‘She doesn’t become a victim’: why Keira Knightley loved playing Colette

What a life. Sidonie-Gabrielle Colette grew up in the country, the daughter of a free-thinking mother and a war-hero father, where she could run wild in a way that girls born in 1873 were rarely expected to do. At 20, she married a Parisian publisher, writer, raconteur and notorious libertine who went by the very apposite pen-name of Willy; at his urging, she wrote a novel based on her own youth. Claudine became a rage among teenage girls. It even sparked a "Claudine" preppy fashion among the fans.

Colette, as she was known, went on to take lovers both male and female, sparked a riot at the Moulin Rouge when she kissed her female lover on stage, then, having divorced Willy, married a man and had an affair with his 16-year-old son. Meanwhile, she kept writing elegant, witty novels; in middle age she was nominated for the Nobel Prize. When she died in 1954, she was given a state funeral – the first woman of letters to be so honoured – having been refused a church service because, apart from everything else, she was twice divorced.

Keira Knightley as Colette.

Colette was, in short, everything English-speaking people used to imagine the French to be: artistic, intellectual and fabulously immoral. You feel that fizz of scandalised attraction at every turn of Wash Westmoreland's Colette, which stars Keira Knightley as the tearaway writer making her way through parties and assignations while steadily trying to extract herself from Willy's increasingly exploitative clutches. Dominic West plays Willy, who publishes all his jobbing scribblers' work under his own name. He soon realises he has hit paydirt with his young wife; the last thing he intends to do is allow her to put her own name on his company's newfound golden eggs. After all, he has a complicated lifestyle to finance.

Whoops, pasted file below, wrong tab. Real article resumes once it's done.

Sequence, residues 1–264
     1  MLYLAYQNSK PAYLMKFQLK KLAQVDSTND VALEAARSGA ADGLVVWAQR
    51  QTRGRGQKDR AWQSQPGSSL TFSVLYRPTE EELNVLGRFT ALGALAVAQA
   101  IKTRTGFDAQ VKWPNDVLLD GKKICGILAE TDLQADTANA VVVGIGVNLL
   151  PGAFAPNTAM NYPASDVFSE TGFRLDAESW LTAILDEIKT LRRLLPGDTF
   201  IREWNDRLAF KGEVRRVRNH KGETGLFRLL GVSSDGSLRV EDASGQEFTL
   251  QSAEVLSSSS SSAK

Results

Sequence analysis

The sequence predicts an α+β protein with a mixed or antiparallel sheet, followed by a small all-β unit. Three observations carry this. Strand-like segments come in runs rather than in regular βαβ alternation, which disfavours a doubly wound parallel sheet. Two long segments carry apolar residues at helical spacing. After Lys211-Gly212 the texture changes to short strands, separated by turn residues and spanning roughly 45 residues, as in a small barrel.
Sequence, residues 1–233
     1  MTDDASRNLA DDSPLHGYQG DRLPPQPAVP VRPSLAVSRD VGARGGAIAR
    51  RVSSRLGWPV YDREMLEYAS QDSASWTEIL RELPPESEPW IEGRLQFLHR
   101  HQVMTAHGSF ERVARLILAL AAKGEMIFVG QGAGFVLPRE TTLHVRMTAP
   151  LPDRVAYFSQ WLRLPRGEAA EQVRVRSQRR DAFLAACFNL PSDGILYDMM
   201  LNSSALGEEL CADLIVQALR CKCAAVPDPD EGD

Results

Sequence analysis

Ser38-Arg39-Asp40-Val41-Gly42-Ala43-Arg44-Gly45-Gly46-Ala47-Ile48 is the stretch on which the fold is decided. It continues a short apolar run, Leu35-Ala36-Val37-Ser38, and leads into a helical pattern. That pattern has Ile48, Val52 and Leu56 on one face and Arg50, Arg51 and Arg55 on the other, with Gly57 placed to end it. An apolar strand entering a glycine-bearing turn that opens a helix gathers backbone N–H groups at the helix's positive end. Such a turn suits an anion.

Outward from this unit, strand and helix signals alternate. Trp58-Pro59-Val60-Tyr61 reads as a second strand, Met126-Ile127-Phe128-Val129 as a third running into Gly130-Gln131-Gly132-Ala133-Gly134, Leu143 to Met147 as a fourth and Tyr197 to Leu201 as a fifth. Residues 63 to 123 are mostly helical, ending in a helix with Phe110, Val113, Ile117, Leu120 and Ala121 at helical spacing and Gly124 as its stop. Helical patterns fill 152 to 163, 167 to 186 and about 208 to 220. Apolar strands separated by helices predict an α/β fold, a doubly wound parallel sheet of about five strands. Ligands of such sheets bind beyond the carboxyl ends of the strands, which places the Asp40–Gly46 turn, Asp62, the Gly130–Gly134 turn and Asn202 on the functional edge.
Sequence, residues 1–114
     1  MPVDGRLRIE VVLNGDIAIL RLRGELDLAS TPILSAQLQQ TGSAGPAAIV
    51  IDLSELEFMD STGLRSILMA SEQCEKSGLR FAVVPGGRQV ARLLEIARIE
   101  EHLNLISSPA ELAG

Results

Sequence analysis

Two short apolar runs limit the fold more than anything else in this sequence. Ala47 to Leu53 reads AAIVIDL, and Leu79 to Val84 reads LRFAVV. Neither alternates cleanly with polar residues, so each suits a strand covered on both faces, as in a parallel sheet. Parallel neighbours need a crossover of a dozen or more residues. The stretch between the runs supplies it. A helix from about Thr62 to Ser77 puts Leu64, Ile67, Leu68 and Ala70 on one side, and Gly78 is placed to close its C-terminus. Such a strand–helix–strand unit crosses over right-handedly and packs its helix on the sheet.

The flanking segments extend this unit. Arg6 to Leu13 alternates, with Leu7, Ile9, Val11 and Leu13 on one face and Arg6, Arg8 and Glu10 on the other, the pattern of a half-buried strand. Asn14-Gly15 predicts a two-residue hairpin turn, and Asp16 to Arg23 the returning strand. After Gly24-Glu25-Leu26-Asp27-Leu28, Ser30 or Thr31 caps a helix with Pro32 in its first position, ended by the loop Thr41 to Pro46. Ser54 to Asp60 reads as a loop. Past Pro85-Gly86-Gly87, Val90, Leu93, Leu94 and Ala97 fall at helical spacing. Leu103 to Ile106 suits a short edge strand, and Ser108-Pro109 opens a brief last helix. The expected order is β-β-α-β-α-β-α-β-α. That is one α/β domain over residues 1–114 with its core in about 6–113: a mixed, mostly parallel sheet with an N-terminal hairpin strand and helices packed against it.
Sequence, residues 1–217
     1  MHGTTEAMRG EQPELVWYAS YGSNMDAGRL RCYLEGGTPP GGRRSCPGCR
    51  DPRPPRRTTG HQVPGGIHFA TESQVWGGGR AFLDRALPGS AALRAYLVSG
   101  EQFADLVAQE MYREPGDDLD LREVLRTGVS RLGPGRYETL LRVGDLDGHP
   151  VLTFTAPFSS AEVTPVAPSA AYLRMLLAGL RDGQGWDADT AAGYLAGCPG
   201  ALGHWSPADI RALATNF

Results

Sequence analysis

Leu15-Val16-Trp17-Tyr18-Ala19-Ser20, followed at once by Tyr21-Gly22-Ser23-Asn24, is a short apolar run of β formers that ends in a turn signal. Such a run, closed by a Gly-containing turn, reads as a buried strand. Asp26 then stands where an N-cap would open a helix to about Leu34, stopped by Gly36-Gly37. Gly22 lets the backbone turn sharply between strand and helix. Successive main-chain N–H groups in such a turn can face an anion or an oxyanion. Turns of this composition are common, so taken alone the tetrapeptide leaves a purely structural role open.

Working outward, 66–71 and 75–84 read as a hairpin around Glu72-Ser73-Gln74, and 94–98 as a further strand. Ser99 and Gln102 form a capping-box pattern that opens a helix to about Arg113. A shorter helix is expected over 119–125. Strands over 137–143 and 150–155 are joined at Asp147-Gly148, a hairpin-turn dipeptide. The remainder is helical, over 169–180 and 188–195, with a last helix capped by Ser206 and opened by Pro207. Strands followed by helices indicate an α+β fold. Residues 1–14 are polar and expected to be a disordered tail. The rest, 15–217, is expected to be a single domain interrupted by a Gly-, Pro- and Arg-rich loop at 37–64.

Knightley says she recognised Willy as soon as she read the script. "I know a lot of men who are magnetic but I wouldn't want to be in a f—ing relationship with them," she says. "What I loved about the whole story was that yes, he is the villain, but you understand why they were together. I think he was probably the person who was the most fun at a party. He was the person you wanted to go on a night out with because, like, where would it end?

Keira Knightley and Dominic West in Colette: ”He wasn’t allowing her to have her own identity,” says Knightley.

"But then obviously he was taking her voice away; he wasn't allowing her to have her own identity. And at the point where she is about to become a victim, she moves on. That's what I loved about it, that she doesn't become that. I love that strength of character."

Willy is not quite a villain, in fact. Dominic West, who is best known for playing Jimmy McNulty in The Wire, says he imagined Willy to be a little like Orson Welles, albeit without his talent.

"In every scene in the film I'm eating or I've got something in my mouth," he says. "Willy is not great like Welles, but he does have a voracious appetite for food and sex and life and money and I think Welles is a good reference for that."

West looked for things to like in Willy; he even found him poignant. "He's very much a Salieri figure: someone who had been a huge star and famous for something he wasn't any good at. Because the fact is that he was a massive star – 3000 people came to his funeral 20 years after this film ends – but I think fame makes it even worse when you're a fraud. It compounds the feelings of being an imposter."

Many critics rates Colette’s literary talents above those of Proust.